I have been surrounded by mothers of babies at a few recent events. Play groups. La Leche League meetings. Now that my youngest is coming up on two years old, I’m definitely not a mother of a baby anymore and around these moms chatting, I find myself falling silent, receding into the background and just listening.
It’s become obvious to me why we tend to gravitate to mothers whose children are the same age as our own. Sure, it’s partly because they play well together and we can commiserate about ages and stages and share tips. But it’s also because we mothers are at the same stage of development.
Here are some of the stages as I experienced them:
The Bi-Polar Stage
The first 2 months with a newborn hold wild swings from low to high. They are the days of being on cloud nine, elated and blissed out by this new being, by this new family unit you created. They are the days of utter and bewildering lack of confidence, of feeling completely out of your element and overwhelmed. You have no idea how in 3-36 hours your former life disappeared forever. You feel completely turned around and your emotions swing like a pendulum as you try desperately through a fog of sleeplessness and round the clock feedings to regain your footing. These are the days of questions, always questions. Questions for the midwife, for the lactation consultant, for your mom, for every parent you know or meet.
The False Confidence Stage
When your baby is about 6 months old you come out of your shell. You get talkative. You have opinions. You’re more confident about mothering and feel that you just might know what you’re doing. You’re getting the swing of it. But you’ve also had to eat your words on more than one occasion. You’ve found yourself doing things you swore you’d never do. You see the other side of the fence now so you’re also quick to talk about being more accepting of other parenting styles. You freely admit how wrong you were and you make an effort to be less judgmental. You know now how hard it can be, how motherhood doesn’t always line up neatly with your expectations, how intensely unique a baby’s personality can be from day one. All the while, you don’t quite realise that you’re going to get knocked on your ass a few more times before you get less vocal. You’ve come through the honeymoon and down the other side so you think you finally have it figured out but you don’t realise that you’re still residing in the baby realm. You’re stoked to share these moments of personal growth, these lessons because they were so profound, but nevertheless you mistake the journey of the last six months for a much longer one. You still don’t realise how much more awaits you. You feel like a weathered mother when the reality is that you’re still very green. Very green indeed.
I’ve gone through both of these stages twice. I’ve done all of those things and I’ve watched other moms go through them too. Yet, it seems easier to identify the stages after you have passed through them than it is to pinpoint where you are at any given moment. As I watch these young mothers, I see my past self distinctly. I was there once. But it is a past self, which is why I tend to recede into the background when they start talking. They are getting support and nourishment from others at the same stage, and I am no longer there.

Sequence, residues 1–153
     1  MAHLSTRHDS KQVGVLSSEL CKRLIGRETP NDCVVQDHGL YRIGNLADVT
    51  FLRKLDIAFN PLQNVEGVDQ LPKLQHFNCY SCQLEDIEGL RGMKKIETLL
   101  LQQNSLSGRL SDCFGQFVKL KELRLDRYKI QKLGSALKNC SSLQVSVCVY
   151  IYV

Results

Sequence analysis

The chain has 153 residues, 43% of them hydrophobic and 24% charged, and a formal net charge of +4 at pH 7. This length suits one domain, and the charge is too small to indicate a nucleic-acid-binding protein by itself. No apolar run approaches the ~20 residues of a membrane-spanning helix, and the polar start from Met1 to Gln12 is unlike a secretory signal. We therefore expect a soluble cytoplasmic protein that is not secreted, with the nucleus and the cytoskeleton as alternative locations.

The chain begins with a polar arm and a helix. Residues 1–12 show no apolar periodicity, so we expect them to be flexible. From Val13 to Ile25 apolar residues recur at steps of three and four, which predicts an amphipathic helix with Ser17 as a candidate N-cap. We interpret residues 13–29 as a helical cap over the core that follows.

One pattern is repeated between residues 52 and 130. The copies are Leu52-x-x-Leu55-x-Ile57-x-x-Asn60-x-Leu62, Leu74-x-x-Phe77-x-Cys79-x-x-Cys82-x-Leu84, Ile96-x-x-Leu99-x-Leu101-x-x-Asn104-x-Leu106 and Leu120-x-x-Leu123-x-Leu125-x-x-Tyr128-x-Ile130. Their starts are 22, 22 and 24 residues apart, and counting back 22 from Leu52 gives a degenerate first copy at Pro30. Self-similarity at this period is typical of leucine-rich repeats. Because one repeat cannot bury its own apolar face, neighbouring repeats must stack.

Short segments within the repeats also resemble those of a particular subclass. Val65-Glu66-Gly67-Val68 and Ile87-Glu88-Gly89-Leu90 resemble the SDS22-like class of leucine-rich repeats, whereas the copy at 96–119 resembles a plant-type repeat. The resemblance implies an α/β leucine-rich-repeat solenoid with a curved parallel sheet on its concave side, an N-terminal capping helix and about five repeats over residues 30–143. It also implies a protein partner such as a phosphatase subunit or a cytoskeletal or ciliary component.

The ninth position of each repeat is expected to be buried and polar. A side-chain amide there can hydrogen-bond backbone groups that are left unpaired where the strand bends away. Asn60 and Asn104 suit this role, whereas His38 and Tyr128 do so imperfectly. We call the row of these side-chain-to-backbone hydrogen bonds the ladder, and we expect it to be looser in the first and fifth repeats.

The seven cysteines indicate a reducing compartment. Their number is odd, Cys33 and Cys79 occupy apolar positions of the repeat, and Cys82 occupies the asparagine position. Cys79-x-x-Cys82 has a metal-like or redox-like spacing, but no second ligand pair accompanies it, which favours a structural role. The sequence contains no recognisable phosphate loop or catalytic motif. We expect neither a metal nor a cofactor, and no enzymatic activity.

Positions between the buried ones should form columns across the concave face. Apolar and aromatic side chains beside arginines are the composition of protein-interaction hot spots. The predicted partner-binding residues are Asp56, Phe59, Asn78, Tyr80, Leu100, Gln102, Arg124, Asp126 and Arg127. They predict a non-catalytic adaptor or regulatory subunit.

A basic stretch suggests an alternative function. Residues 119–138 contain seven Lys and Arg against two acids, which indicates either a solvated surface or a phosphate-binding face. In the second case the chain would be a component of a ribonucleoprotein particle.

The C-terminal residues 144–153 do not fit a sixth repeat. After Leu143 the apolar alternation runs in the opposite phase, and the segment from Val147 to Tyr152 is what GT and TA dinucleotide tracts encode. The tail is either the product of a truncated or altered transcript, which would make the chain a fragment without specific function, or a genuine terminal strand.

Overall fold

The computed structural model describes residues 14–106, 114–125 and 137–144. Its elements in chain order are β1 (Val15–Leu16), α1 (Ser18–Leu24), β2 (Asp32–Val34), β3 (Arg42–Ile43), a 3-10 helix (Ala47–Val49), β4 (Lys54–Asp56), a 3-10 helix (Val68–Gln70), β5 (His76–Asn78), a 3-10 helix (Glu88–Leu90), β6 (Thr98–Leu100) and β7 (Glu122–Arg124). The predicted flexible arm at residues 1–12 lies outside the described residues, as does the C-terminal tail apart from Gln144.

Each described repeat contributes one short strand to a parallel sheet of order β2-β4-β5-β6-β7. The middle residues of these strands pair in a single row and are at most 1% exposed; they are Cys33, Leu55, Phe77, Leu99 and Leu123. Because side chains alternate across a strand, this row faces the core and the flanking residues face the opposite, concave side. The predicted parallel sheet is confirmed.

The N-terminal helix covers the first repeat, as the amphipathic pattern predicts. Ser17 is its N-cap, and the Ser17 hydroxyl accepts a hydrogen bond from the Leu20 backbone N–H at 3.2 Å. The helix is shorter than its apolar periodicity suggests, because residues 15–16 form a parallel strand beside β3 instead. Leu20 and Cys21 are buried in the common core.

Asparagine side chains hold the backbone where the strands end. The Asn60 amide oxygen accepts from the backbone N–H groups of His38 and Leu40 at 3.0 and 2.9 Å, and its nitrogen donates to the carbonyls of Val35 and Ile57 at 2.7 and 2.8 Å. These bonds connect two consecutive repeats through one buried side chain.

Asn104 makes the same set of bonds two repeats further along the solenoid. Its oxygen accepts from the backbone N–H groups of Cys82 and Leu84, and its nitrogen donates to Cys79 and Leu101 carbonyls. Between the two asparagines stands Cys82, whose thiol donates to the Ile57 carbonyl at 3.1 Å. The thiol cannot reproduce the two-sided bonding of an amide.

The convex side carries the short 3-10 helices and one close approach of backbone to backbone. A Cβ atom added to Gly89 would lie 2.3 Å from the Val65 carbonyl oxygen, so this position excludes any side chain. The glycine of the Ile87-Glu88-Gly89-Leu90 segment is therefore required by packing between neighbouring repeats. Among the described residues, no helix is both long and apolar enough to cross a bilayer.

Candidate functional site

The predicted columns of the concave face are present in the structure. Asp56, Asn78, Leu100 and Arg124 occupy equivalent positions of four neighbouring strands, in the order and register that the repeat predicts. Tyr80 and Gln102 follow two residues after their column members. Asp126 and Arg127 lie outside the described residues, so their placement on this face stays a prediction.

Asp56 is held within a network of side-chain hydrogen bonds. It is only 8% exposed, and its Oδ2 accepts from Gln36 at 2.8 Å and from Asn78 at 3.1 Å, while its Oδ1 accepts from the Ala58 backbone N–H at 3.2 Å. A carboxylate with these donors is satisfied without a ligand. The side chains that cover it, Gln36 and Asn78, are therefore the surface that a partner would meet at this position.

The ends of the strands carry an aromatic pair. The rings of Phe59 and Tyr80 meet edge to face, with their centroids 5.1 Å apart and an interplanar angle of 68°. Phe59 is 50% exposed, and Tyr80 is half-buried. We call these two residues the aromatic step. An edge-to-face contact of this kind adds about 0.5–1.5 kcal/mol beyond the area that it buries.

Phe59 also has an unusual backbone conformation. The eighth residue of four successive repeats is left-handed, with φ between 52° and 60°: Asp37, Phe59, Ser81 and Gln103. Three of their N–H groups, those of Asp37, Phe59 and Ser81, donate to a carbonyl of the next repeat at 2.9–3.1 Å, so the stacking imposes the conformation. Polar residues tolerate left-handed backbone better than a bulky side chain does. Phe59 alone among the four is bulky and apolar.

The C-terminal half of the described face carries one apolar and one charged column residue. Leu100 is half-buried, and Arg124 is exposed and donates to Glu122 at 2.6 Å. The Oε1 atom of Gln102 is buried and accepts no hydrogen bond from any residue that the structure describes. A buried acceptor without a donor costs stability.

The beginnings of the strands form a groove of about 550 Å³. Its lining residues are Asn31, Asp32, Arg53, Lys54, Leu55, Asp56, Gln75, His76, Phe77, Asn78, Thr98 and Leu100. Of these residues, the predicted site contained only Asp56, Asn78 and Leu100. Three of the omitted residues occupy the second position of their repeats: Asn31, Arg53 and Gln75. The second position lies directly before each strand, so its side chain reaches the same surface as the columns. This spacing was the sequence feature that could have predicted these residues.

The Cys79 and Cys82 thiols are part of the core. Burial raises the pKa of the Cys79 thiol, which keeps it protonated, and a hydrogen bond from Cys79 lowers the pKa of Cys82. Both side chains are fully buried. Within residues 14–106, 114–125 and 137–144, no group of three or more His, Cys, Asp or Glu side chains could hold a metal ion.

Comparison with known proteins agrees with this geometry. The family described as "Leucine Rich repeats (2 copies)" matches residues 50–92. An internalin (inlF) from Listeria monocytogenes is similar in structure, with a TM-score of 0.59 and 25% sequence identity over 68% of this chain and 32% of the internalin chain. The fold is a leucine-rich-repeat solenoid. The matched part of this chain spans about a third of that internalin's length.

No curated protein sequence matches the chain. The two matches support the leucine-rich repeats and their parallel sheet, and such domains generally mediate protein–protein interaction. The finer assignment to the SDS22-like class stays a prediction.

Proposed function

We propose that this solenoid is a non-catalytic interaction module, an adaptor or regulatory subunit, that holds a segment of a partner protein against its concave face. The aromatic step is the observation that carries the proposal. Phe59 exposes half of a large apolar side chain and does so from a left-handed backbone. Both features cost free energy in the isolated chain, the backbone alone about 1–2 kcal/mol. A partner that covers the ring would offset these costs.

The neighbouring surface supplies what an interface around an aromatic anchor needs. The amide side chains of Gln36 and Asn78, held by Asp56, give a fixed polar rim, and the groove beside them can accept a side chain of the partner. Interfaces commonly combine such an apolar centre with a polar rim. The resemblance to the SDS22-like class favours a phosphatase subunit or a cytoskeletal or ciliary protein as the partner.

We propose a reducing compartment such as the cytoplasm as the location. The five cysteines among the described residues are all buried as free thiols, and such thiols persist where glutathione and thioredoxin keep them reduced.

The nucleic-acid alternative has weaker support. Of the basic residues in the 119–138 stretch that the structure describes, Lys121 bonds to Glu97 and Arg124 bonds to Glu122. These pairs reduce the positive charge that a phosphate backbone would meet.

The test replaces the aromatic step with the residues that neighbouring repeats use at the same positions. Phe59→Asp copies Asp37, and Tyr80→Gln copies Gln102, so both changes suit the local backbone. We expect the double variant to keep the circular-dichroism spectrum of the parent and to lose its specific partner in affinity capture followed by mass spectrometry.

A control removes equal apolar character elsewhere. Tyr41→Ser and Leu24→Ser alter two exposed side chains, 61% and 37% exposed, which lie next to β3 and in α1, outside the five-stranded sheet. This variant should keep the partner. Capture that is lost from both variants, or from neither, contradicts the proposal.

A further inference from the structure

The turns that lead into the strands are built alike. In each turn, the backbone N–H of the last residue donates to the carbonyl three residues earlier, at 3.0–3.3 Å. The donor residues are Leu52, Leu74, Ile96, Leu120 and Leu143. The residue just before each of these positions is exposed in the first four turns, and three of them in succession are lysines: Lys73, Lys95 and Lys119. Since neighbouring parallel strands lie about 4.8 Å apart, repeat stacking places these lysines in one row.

Now, my children are 4.5 and almost 2. I’m struggling with discipline issues and sibling issues. I’m struggling with scary identity issues now as I begin to get more freedom again and as I face the possibility that my childbearing days are over. I’ve realised that though it seemed I learned so much and came so far in the first 6 months of parenting, it was just a blip compared to the learning associated with having a toddler or a preschooler, or one of each. I think I’m just coming out of this stage now:
The Resignation Stage
This is the stage where you have been dog tired for so long you don’t remember feeling normal, where your house is always a mess, your kids don’t listen and they fight and you yell. You don’t know if it will EVER feel normal again so you resign yourself to the chaos of motherhood. You carry this cross but you try to do it with dignity. You make an effort not to complain. You read a lot of parenting books and you try to concentrate on adoring your babies because you know NOW, the second time round that the old cliché about how quickly they grow is so true. You know this by looking at your eldest and comparing him to the baby toddler but you also start to look forward to Kindergarten registration with guilt heavy in your heart.
I don’t know if everyone goes through this stage or if it’s just me. And I don’t know what stages come next. I’m more than a little curious and excited to find out.
I look forward to the day, perhaps when my children are grown, when mothering fits me like a well-worn 15 year old favourite t-shirt. A shirt that, though tattered, suits me perfectly in style, fit and colour. A shirt whose stiff cotton has relaxed into the soft caress of flannel. A shirt that I no longer wear every day for weeks on end and continually obsess over whether or not it looks good on me, but rather hangs in my closet with all my other shirts (sister, wife, friend, worker) and is just a part of my wardrobe. A shirt that I wear for all of my most favourite things like sleeping and gardening. A shirt that is part of me, that I accept as it is and hardly have to think about.
What do you think? How do you see the stages of motherhood? What stages have you been through? Moms with older children, what’s coming up for us with young kids? Have you noticed these particular stages of growth as you pass through them, or only once you’re on the other side? I’d love to hear what else might await me.